This is a copy of an article published in The Peak Advertiser, the Peak District's local free newspaper, on 13rd September 1999, reproduced by kind permission of the author, the late Desmond Holden.

The “What's in a Name” series was a regular feature in the Advertiser over the period 1993‑2004, taking a refreshing look at the derivation of some typically Derbyshire surnames.

Articles are confined to the origins and meanings of surnames, and do not indicate any particular interest on Desmond's part in the genealogy, descent, or family history of individuals bearing the surnames featured.

Editor's Note: Articles are provided for general interest and background only. They are not intended to provide an exhaustive treatise for any individual family history - investigations of which may yield quite different results. Or, in Desmond's own words:

“In the end it must remain with individual bearers of the names to draw upon family traditions and to seek out such documentary evidence as is available to decide the matter for themselves.”


At first "Garrington" might be taken simply to be a mis-rendering of the better known surname "Carrington". Very probably, but as it happens there is actually a place of that name in Kent. (Just south of Littlebourne by the A257, 4 miles east of Canterbury). The map indicates that it comprises little more than two farms: Upper and Lower Garrington - in fact the directory describes "Upper" as a water-cress farm.

Otherwise no place called "Garrington" is listed in any gazetteer. Nor does it ever seem to have been a distinctive settlement. Whereas "Littlebourne" is mentioned as early as 696 A.D, "Garrington" is not even included in Domesday (1086). It appears only in a list of church property (1194) under the name of "Garwynnetun". This can be interpreted as "The homestead of the woman called Garwynn". No further information is to hand. It certainly doesn't seem to have generated any corresponding surname. Not a single entry under "Garrington" appears in any of the current directories covering the south-east or the London area.

The heaviest concentration of the name "Carrington" occurs more or less in the north west and in Scotland, and "Garrington" - although not prolific - follows much the same pattern. The suggestion that "Garrington" is merely a permutation upon "Carrington" is given substantial backing in that interchanges between an initial "C-" and "G-" are frequently encountered in language development. For example, "Catcliffe" (near Sheffield) was re- written "Gatcliff' in the tax returns for 1379; "Clitheroe" (Lancashire) is changed to "Glitherow" and "Gammage" (a Norman French name) becomes "Cammidge".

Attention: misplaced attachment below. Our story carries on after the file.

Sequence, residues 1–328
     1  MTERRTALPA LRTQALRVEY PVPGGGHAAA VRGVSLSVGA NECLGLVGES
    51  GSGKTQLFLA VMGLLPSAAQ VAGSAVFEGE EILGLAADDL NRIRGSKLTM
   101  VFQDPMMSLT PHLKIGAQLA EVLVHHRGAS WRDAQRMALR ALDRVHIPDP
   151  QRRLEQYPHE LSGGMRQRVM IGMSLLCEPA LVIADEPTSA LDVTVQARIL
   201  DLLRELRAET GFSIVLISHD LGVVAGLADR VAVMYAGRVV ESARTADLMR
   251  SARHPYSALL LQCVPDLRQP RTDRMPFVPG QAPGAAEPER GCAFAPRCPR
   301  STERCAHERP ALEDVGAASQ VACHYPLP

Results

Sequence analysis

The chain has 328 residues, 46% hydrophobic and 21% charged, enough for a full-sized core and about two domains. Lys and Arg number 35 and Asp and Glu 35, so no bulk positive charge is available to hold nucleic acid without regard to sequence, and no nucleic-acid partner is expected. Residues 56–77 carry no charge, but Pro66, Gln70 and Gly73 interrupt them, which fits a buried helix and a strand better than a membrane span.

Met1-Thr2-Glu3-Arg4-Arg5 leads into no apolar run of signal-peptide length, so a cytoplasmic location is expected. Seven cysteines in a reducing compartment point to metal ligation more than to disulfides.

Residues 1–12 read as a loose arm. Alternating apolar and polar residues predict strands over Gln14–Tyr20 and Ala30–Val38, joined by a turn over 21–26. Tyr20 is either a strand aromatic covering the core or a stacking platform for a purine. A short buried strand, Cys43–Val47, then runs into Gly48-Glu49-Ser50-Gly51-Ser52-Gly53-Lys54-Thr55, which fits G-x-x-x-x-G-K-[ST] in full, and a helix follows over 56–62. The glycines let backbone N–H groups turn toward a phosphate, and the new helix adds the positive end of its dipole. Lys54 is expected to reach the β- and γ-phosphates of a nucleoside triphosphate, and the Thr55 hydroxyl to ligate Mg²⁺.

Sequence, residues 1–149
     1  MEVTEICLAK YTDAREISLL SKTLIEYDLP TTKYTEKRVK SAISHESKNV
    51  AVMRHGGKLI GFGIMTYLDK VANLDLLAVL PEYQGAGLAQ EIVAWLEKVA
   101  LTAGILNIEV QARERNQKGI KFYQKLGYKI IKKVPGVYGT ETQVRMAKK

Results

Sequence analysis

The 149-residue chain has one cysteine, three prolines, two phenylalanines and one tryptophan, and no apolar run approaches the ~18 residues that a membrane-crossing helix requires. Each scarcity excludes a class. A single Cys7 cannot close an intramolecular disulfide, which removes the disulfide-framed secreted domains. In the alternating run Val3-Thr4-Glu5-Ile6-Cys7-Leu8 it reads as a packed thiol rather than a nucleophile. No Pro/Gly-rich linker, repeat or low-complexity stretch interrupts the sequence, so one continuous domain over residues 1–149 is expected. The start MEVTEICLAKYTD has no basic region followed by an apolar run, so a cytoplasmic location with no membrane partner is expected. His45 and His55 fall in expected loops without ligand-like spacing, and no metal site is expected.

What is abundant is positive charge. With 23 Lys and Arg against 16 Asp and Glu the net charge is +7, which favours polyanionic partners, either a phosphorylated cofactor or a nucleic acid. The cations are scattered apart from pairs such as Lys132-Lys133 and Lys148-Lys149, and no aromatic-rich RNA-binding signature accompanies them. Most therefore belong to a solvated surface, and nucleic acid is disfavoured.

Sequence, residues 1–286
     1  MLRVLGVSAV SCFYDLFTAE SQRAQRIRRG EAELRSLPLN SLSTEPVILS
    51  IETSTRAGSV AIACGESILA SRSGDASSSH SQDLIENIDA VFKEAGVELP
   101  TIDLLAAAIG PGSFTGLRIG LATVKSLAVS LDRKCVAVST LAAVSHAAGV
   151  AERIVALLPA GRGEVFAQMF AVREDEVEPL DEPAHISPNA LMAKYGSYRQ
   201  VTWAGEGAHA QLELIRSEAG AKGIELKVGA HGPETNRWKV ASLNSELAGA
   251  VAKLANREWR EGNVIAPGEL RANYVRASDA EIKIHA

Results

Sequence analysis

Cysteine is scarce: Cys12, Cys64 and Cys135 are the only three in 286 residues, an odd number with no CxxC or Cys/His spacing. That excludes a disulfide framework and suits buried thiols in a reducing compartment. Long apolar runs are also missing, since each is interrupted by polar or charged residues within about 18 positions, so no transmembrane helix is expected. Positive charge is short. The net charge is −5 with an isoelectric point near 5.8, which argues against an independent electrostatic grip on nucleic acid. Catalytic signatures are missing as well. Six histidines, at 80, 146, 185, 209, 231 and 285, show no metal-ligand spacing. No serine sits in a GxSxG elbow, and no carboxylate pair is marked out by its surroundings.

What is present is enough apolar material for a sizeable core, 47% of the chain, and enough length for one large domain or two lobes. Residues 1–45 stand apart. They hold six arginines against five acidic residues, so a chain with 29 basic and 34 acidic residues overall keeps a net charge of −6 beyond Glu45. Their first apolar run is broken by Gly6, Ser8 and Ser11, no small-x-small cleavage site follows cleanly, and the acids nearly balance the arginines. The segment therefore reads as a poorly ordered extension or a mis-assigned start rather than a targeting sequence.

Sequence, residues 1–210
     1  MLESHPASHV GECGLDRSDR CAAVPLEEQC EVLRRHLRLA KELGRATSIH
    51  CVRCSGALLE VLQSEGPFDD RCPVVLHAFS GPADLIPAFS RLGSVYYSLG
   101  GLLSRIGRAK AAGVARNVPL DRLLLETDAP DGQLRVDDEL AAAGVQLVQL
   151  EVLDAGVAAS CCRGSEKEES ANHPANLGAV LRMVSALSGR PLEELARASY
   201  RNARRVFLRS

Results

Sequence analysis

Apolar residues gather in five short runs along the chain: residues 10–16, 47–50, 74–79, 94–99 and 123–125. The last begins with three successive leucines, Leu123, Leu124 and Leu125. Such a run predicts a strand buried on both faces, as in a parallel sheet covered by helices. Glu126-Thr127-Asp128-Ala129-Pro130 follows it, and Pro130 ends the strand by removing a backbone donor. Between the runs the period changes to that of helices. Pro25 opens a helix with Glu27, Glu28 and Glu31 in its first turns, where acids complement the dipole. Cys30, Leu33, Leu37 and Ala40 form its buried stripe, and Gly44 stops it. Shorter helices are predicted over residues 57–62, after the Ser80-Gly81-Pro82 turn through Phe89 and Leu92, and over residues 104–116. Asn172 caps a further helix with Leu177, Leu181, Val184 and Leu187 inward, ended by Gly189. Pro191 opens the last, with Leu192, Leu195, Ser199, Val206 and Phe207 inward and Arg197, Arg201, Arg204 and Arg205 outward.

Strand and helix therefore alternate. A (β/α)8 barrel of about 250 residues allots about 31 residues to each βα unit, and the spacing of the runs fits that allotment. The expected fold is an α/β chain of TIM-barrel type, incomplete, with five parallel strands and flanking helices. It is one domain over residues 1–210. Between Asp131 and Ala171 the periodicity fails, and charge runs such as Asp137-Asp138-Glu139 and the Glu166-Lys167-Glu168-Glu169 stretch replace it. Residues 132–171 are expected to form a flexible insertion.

There are four places called "Carrington" of which only the two in Cheshire and Scotland have furnished surnames. The others in Lincolnshire and Nottingham need only passing mention. "Carrington" (Lincs.) lies about 8 miles north of Boston (B1183). A great drainage scheme was undertaken in the region (1812) and several "new towns" were created, including "Carrington".

The leading personality in the district was the celebrated banker, Robert Smith (1752-1832). Having been raised to the peerage in 1796, he selected the title "Baron Carrington". This had been a neighbourhood name and his choice was probably influenced by the fact that out of the half-dozen or so revised place-names, this one did at least get a mention in the old records at the time of the Conquest.

It was described as "Carington" and the Baron might have hoped that perhaps the name had some connection with the Ancient British people whom the old Greek chronicler, Ptolomy (c.200 A.D) called the "Coritani" and who were thought to have had a centre at Lincoln. After he died in 1838 it seems his son replaced the family name of "Smith" with "Carrington" under royal licence. This changed yet again in 1868 to "Carington" no doubt to bring it into line with the old spelling "Coringatun".